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High water created Hay River
Fifty years ago, Vale Island residents watched as houses floated away

Myles Dolphin
Northern News Services
Published Monday, May 6, 2013

Imagine waking up in your bed, stretching vigorously and going downstairs for breakfast. With a warm bowl of porridge in hand, you look out the window to see what the weather is like. The last thing you might expect to see are houses being swept away by water.

Yet, that's exactly what Vale Island residents witnessed 50 years ago this week, during the worst flood in Hay River's history.

The local newspaper at the time, Tapwe, reported the events despite having its offices flooded as a result of the Hay River breakup.

"The Hay River angrily tore this island community adrift Wednesday in an unprecedented flood from which the town has not yet recovered," the newspaper stated on the front page of its May 3 issue.

According to the paper, a force of water built up behind a 19-kilometre-long ice jam just above the town. When the ice jam burst, the flood hit the island at approximately 7:40 a.m. on May 1. The damage was extensive and beyond most people's comprehension. Houses were upside down, boats floated aimlessly in the streets and telephone poles were down.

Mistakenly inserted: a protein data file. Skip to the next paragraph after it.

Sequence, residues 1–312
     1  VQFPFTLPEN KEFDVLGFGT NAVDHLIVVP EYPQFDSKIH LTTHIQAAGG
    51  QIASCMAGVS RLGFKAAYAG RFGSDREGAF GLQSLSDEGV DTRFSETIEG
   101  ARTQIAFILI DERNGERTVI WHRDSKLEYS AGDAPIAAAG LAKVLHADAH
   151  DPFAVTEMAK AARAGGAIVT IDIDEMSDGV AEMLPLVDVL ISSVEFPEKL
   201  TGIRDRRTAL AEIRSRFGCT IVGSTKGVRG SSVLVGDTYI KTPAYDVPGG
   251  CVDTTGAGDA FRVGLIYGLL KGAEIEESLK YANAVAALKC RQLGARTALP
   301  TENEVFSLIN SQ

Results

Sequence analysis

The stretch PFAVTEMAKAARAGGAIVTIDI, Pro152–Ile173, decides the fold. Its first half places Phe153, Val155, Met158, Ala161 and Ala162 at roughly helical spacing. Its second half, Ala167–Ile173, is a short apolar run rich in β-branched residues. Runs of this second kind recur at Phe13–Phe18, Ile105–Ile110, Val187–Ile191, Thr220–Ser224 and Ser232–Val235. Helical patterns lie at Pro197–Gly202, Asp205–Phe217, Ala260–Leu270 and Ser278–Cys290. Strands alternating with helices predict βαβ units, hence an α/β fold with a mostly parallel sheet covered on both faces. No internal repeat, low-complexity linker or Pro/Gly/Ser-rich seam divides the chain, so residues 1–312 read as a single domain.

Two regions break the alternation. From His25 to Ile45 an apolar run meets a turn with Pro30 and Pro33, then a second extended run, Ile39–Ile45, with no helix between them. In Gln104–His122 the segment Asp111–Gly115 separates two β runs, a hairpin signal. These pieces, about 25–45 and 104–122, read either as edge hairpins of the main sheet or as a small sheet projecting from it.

The CBC Mackenzie network went off the air as did the telegraph, telephone and microwave communication. The airstrip was under water and the causeway link to the Mackenzie Highway had been washed out in two places.

Vale Island was on its own and badly in need of assistance.

"Fort Smith and Yellowknife were slow in realizing the seriousness of the situation on Vale Island, but by (later) Wednesday morning were rallying to provide food, blankets, clothing, cigarettes and other supplies to the stricken town," Tapwe reported.

About 120 people were evacuated to Yellowknife within a week and more than 400 went to Fort Smith.

More than 700 Vale Island residents gathered into the Federal Day School, which had not flooded. There were fears of a typhoid outbreak in the community, so a supply of anti-typhoid vaccine was flown in by helicopter.

In its May 10 issue, Tapwe reported a survey of 100 households that revealed 97 of them favoured moving the town to the mainland. Hay River was incorporated as a town on June 16 of that year.

Flood damage was assessed at $615,000, according to the Commissioner of the Northwest Territories at the time, Gordon Robertson.

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